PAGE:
If I’m capable of summoning the discipline to complete my PhD proposal and application, what I would like to do is to research ethnic and religious identity among Central Asia’s journalists, particularly how these factors shape their approach to reporting news. In my view, journalists comprise a key group of social architects in a society’s self-understanding, as it is as much through media as education, especially mass media, that a population’s self-perception is inculcated and shaped. Therefore, it is of pressing importance to understand how they construe events.
Incidentally, my time here in Kyrgyzstan has been partially spent doing preliminary “research” in the sense of conversations with various colleagues — anthropologists, activists, journalists, and friends — about my topic. Generally-speaking, there’s a lot of interest, in some cases even excitement, about my would-be project, particularly as it encompasses religious studies, regional studies, media studies, epistemology, some psychology, and anthropology. One of the cooler conversations occurred this past weekend during the Kyrgyzstan barcamp with several members and acquaintances of Internews’ Central Asian wing, in particular Nicolay Kolesnikov, a talended videographer with whom I got along very instinctively despite the language barrier (he will be good practice for my Russian once I start learning it). Nicolay was very sharp, as he immediately intuited that what I’m really exploring is whether journalists are objective.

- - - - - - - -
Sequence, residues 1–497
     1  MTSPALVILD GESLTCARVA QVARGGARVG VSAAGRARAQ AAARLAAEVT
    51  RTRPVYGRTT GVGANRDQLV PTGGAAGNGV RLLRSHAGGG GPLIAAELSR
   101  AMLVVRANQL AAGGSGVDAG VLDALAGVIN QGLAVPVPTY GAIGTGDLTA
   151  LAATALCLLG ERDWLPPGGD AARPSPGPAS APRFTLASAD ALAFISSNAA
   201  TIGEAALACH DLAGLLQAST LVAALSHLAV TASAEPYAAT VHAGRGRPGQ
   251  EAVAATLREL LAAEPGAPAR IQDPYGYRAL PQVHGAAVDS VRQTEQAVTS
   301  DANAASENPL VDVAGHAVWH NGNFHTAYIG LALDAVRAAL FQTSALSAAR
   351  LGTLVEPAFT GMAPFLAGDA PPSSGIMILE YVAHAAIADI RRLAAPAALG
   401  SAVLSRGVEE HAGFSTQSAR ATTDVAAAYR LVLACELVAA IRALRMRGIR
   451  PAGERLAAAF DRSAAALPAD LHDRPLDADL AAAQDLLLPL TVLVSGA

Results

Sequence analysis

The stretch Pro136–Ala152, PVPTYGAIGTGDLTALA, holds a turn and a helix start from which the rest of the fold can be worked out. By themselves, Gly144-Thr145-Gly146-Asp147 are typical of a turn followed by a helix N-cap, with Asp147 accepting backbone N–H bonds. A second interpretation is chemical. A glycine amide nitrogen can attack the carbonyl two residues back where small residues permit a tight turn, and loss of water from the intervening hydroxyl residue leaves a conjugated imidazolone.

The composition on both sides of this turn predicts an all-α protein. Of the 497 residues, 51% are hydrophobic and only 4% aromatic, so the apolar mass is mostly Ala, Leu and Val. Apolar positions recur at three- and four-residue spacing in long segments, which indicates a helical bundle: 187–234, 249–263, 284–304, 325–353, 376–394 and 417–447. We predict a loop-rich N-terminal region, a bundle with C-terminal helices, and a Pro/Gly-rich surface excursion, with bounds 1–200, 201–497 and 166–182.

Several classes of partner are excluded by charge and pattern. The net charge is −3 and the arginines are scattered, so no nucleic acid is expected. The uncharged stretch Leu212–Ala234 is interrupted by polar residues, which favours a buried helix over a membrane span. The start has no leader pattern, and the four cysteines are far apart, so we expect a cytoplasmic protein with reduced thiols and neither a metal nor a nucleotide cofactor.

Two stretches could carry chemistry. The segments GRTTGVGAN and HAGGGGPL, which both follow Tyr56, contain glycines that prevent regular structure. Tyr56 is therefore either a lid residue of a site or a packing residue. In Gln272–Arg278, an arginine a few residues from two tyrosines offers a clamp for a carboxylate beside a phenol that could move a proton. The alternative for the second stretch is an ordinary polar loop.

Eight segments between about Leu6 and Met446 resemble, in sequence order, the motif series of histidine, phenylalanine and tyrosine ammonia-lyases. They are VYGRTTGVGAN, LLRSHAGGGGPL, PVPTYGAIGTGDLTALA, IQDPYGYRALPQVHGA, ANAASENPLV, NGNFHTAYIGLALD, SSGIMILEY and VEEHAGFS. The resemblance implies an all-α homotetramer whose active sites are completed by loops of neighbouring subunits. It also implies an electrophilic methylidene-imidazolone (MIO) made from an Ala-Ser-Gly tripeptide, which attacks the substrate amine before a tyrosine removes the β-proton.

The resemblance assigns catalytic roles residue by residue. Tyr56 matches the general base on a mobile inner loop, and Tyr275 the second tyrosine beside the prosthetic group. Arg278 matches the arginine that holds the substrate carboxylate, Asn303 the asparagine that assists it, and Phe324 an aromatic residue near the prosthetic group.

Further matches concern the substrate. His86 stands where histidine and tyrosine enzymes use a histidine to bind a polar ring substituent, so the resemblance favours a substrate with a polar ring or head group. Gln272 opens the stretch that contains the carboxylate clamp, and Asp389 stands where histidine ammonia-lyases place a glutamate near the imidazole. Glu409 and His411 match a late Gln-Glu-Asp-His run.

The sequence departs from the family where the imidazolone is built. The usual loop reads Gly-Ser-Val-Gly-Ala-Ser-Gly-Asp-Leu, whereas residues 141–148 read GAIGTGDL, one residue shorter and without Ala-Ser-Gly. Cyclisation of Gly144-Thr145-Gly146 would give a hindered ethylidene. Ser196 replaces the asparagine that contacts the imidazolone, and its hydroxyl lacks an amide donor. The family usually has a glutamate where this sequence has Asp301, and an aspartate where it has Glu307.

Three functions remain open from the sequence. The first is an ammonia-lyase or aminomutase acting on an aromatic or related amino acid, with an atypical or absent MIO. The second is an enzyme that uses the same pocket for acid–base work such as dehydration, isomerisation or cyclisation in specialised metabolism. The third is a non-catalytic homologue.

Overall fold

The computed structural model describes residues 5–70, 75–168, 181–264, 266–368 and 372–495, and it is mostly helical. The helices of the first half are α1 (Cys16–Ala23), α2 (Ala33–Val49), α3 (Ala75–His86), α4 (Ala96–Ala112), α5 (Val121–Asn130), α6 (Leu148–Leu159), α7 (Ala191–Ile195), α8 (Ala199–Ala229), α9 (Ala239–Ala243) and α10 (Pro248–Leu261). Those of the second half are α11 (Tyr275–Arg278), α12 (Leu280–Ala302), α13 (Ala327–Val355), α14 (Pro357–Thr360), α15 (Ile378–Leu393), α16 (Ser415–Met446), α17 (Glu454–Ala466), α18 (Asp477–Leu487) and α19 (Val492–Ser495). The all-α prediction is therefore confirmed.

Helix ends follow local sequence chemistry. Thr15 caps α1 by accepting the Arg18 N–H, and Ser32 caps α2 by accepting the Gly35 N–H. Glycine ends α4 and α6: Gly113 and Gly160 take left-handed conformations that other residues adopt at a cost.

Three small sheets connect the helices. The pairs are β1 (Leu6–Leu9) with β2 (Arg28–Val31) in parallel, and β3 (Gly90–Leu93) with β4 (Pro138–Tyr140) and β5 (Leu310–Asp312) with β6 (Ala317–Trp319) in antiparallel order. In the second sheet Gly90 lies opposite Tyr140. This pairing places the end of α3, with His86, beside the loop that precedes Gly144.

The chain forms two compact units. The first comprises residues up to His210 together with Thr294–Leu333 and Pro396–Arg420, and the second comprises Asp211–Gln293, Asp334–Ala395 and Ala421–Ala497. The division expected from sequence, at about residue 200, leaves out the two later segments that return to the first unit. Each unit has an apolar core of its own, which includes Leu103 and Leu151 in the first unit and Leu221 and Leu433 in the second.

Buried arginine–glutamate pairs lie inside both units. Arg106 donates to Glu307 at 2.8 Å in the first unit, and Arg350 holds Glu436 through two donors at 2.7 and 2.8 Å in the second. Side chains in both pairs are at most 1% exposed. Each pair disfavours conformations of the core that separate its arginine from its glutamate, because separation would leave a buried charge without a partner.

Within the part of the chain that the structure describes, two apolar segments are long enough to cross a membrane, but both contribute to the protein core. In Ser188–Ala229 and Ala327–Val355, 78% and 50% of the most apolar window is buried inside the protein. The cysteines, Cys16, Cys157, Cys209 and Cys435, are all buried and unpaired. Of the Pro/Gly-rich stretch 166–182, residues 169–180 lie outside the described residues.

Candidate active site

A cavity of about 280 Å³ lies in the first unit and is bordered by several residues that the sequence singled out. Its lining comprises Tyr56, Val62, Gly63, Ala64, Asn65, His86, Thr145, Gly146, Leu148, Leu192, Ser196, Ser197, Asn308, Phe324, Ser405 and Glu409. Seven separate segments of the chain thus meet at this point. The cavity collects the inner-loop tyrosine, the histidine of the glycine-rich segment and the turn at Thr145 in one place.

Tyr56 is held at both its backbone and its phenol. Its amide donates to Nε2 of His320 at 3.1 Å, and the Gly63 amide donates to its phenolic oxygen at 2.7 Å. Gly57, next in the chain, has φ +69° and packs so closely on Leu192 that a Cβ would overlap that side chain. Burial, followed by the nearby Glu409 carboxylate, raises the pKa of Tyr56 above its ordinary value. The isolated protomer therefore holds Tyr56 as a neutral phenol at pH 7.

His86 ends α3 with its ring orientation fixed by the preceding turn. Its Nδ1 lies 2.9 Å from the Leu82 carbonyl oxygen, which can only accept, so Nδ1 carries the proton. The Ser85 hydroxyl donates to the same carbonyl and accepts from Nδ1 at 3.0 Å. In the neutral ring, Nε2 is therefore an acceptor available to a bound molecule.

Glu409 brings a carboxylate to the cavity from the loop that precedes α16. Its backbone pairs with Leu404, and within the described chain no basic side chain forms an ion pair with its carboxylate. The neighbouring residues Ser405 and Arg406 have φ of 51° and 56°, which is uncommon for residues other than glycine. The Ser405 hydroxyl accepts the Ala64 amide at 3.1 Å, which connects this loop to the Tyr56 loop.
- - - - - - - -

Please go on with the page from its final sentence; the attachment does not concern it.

He caught me, so to speak, red handed: when I suggested that journalists, à la Searle or Wittgenstein, are actually in the act of forging a reality out of the clash of their differing narratives, a clash that occurs ironically from their pursuit of ultimate, objective reality — indeed, they are creating an overlay of one reality over the bedrock of another, deeper one — Nicolay whipped out an analogy I didn’t see coming but which got me seriously thinking: “You know who wouldn’t need journalists? The Na’vi of James Cameron’s Avatar.” According to Nicolay, the Na’vi’s ability to interface with each other, their ecosystem, and even the souls (i.e., minds) of past generations, an ability constituting a combination of racial and geosystematic memory, rendered the problem of subjectivity moot. Theirs is a kind of collective objectivity (or objective collectivity), a unity of perspectives, perhaps in a way that is, at essence, not dissimilar from the Internet.
It was a daring argument, a challenge which, as both an Averroist and Science Fiction fan, I was more than happy to meet: I retorted with my own counter-example, that of Polish author Stanislaw Lem’s famed novel, Solaris, and it’s even more famed film version by Soviet director Andrei Tarkovsky. In other words, I upped the ante: he wanted to talk about conglomerate unities/pluralistic panpsychisms, but I went straight for the monopsychic jugular vein.
Continue reading “Journalism on Solaris”